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It's not really clear what you're aksing. There is no "relative time difference" between anywhere and somewhere else in the universe. There are, of course, time differences between different events (space-time points). The motion of stars in the Milky Way (or any other) galaxy are sub-relativistic, implying that GR effects (such as time dilatation) are ...


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Your third question has a very well known answer here: What means, that although a big time difference had to exist, there is a much smaller one, and in the opposite direction. This is considered the effect of the dark matter. Our Sun is around 30000 ly from the galactic center, the edge of the galaxy is around 50000 ly, so we can read on the diagram, ...


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Particles are generated and destroyed all the time. This is obvious for photons, but also holds for massive particles. Today most particles are stable and long-living, but shortly after the big bang the universe was so hot that particle generation and destruction were in some equlibrium and all particles participated in this process (for photons this ...


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16-Year Long Study Tracks Stars Orbiting Milky Way Black Hole "Undoubtedly the most spectacular aspect of our long term study is that it has delivered what is now considered to be the best empirical evidence that supermassive black holes do really exist. The stellar orbits in the Galactic Centre show that the central mass concentration of four million ...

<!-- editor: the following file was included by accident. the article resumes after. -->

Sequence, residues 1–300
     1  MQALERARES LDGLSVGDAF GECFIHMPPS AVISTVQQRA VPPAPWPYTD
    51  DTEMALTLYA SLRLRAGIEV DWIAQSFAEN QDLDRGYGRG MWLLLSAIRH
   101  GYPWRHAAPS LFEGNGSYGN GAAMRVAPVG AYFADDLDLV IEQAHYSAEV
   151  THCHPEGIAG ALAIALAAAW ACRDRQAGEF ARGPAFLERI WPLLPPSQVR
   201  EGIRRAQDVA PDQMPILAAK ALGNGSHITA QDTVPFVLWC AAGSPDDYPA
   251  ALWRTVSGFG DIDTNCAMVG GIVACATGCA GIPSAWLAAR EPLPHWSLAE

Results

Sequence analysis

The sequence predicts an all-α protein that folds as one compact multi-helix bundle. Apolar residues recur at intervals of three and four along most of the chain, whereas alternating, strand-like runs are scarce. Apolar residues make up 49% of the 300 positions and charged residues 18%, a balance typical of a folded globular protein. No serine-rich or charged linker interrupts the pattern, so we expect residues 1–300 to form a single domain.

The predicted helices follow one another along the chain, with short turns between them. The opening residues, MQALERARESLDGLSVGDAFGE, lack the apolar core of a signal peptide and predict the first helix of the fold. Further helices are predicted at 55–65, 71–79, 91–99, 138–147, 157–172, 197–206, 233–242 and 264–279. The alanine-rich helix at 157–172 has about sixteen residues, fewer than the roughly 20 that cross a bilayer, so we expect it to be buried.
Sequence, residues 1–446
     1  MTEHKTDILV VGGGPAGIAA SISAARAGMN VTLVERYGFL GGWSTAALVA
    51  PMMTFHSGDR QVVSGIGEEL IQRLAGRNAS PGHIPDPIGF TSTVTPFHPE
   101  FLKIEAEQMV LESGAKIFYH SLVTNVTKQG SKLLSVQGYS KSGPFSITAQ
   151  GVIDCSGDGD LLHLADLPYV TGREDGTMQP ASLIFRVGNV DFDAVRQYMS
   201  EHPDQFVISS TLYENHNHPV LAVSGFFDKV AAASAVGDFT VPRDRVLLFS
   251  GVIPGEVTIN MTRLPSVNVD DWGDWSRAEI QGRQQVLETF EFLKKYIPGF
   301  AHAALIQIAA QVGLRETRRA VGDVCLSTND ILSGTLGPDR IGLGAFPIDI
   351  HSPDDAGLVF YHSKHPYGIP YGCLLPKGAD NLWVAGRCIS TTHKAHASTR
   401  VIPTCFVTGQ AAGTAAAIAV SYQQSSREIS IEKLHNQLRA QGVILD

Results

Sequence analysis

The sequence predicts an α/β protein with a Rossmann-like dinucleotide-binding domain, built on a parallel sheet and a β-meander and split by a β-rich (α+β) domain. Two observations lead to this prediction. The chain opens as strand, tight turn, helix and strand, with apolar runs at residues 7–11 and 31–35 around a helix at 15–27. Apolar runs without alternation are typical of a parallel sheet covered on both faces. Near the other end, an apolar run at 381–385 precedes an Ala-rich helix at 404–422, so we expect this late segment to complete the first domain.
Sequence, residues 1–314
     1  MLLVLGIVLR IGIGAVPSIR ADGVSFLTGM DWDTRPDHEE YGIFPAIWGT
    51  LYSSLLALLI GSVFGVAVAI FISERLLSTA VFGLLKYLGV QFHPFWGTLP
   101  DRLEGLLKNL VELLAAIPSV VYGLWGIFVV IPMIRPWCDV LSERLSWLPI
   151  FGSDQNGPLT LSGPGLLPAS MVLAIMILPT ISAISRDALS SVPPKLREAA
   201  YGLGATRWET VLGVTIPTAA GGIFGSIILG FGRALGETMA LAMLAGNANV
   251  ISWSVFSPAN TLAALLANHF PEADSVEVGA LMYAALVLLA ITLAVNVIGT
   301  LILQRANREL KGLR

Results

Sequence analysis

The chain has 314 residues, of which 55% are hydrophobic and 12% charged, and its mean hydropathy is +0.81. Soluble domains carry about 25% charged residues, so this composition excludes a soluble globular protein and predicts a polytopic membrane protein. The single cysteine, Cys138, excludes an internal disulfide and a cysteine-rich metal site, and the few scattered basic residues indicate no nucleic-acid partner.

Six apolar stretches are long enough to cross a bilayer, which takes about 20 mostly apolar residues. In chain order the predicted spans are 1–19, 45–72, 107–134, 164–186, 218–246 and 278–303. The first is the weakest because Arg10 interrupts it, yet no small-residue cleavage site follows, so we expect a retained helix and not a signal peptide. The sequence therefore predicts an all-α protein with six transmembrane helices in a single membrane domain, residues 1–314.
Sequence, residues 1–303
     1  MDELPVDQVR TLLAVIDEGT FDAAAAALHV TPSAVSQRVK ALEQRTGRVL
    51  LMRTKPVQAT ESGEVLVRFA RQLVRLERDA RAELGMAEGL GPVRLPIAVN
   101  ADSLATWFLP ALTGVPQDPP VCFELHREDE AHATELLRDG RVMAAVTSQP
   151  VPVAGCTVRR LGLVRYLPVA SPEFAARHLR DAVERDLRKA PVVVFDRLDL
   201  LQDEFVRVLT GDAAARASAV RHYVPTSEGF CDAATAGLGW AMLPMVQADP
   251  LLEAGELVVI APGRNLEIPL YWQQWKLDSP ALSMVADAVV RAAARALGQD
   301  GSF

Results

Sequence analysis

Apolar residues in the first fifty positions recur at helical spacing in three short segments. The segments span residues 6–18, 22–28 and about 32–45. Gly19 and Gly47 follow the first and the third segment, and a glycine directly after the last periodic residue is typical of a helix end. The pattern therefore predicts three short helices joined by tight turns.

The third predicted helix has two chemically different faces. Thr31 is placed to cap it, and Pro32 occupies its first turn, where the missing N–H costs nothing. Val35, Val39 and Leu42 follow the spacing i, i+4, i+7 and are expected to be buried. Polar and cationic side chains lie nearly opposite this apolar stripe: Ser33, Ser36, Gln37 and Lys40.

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There are a few different features of black holes that researchers look for: 1) An accretion disk 2) Mass transfer from companion star 3) X-ray emission 4) Absorption of gas and other matter around it 5) Gravitational lensing You mentioned #3 in your question; quite a few black holes, including Cygnus X-1, emit X-rays. 1 is a common feature around ...


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One of the predictions of General Relativity is that certain objects can give off energy in the form of gravitational radiation. This means that over time, the orbit of the two neutron stars should "decay", and they should come closer to each other. Using General Relativity, it is possible to predict the changes in the orbits and the energy of the emitted ...



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